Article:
Some international norms, jus cogens norms in particular (as well as obligations erga omnes, which presume them), have a non-consensual basis, they are non-derogable by definition or nature and thus beyond the contractual norms (i.e., beyond State-based) of treaty-based consent. There are various ways to morally and legally ground or justify such norms: natural law theory (or something akin to same, like Buchanan’s ‘Moral Equality of Persons’ and ‘Natural Duty of Justice’), a fiduciary theory of sovereign (State) authority (Criddle and Fox-Decent), or Hobbesian-like moral minimalism (May). In international criminal law, these serve, in turn, to ground the idea of “universal jurisdiction” for condemnation and prosecution of such practices as torture, apartheid, slavery, and genocide. May asks:

“So what might count as conclusive evidence of a universal legally binding norm? It might be conclusive if there is a morally normative argument based, for instance, on what reasonable States would accept. The very best evidence we have of a universal norm of international law is when there is both opinio juris and normative justification for such a norm. Normative justification may be enough, at least in the abstract, but in a highly diverse world, where the very premises of such a conceptual argument are highly contested, it is prudent to look to opinio juris in addition to normative justification in order to determine what the jus cogens norms of international law are. It is prudent because, even if fully justified, the norm may not be respected by States unless it already has fairly widespread support seen in the customary practices of these States. But such appeals to consensual custom, standing alone, cannot ground these norms. A norm cannot be said to be universally binding if, at the moment of a State’s falling under the obligation, a State can evade this bindingness merely by declaring itself not bound. [….] Jus cogens norms can be part of customary international law and still be non-consensual as long as the non-consensual nature of these norms is not thought to derive from their being originally consensual, as we learned from David Hume. That universal jus cogens norms are customary is merely due to the way that they are sometimes recognized rather than anything having to do with their nature or justification.”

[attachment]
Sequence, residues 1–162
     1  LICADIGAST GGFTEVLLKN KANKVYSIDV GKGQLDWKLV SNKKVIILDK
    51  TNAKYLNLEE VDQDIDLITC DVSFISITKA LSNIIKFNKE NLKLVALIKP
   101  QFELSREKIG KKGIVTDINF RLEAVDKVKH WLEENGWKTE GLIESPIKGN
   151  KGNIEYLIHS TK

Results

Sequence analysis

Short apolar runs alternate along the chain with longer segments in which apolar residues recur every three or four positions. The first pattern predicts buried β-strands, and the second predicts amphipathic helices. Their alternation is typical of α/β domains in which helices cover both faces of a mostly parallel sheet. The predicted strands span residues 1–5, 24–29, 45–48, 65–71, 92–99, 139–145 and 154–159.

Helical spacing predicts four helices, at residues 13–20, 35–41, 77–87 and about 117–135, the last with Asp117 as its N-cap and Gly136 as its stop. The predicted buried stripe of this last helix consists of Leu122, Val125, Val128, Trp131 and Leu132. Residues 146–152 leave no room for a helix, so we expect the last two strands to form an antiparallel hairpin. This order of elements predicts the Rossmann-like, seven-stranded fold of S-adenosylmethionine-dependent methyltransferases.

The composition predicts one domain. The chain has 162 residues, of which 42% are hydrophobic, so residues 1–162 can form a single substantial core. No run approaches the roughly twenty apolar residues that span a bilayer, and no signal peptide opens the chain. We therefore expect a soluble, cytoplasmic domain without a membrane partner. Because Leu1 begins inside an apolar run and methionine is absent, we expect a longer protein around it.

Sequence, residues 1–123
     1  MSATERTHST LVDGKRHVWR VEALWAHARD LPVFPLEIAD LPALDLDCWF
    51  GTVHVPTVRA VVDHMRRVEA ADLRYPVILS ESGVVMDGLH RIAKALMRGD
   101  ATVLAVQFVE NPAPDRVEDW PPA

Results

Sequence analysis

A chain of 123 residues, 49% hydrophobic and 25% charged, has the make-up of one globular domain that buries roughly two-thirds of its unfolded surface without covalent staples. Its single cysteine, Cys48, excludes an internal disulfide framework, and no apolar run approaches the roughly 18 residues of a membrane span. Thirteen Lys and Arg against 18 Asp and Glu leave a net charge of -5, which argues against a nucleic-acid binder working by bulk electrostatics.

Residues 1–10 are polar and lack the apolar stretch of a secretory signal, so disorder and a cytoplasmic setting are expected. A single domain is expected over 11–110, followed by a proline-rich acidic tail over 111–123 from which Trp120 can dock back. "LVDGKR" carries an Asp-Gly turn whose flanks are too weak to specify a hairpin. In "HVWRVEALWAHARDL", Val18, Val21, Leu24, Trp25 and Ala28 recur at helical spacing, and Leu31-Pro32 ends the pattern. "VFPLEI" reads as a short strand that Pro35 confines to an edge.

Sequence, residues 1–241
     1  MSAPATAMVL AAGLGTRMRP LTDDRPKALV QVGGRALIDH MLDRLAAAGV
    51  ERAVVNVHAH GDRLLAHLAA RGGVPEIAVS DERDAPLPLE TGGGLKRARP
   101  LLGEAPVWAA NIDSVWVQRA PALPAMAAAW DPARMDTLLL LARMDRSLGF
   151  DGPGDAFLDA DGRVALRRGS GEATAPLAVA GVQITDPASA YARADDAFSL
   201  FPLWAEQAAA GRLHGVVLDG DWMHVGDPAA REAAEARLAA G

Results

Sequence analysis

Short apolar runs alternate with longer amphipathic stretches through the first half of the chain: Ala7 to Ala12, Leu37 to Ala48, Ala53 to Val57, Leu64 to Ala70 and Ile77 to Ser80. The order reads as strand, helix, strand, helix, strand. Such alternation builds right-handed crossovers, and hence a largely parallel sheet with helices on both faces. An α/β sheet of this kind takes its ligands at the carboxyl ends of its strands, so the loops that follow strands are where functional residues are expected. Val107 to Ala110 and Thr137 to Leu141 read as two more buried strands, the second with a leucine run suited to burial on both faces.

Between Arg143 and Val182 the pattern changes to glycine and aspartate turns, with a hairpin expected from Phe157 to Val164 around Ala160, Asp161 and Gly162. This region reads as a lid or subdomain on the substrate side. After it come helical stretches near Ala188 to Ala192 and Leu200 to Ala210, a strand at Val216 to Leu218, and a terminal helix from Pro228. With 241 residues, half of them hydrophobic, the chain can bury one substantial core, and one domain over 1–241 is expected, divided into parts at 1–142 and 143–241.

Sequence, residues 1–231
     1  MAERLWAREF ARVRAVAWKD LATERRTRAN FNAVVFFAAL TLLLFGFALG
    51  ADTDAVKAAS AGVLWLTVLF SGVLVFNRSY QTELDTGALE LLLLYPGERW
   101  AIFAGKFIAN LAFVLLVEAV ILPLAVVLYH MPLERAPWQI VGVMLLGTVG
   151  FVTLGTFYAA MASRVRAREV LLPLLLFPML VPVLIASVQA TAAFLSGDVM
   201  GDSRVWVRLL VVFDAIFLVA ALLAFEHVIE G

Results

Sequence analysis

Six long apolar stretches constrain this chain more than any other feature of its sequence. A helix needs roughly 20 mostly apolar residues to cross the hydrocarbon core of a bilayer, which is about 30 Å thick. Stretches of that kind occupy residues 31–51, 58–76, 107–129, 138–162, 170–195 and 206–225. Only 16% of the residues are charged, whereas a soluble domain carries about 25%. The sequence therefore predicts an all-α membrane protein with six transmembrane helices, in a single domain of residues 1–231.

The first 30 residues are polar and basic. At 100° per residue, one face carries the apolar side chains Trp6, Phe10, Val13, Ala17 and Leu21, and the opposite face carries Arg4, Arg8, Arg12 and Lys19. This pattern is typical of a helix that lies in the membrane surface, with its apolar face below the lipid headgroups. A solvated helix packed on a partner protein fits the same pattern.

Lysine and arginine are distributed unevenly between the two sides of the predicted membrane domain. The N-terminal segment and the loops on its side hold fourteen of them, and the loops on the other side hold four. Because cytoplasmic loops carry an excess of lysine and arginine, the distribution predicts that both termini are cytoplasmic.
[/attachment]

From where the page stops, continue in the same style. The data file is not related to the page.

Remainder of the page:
May himself provides an argument that a norm of international law is jus cogens if it satisfies two principles—the security principle and the international harm principle [the former inspired by Hobbes, the latter by Feinberg and Liberalism generally]. I leave it to those interested to read May’s book for the details of the argument.

Michael C. Dorf said...


Thanks for these comments. To be clear, I was referring to CIL in the way that you describe--as binding even on dissenting sovereigns. Whether widespread (but not unanimous acceptance) is merely evidence for a rule of CIL being universal or is itself in some way part of what makes it universal is an "internal" question of international law on which I did not mean to be taking a position. I was looking at the matter externally, from the standpoint of a human rights advocate who believes that some norm (say the norm against torture) SHOULD be a universal principle of CIL. For the activist, securing acceptance is, as a practical matter, one way to move CIL in that direction.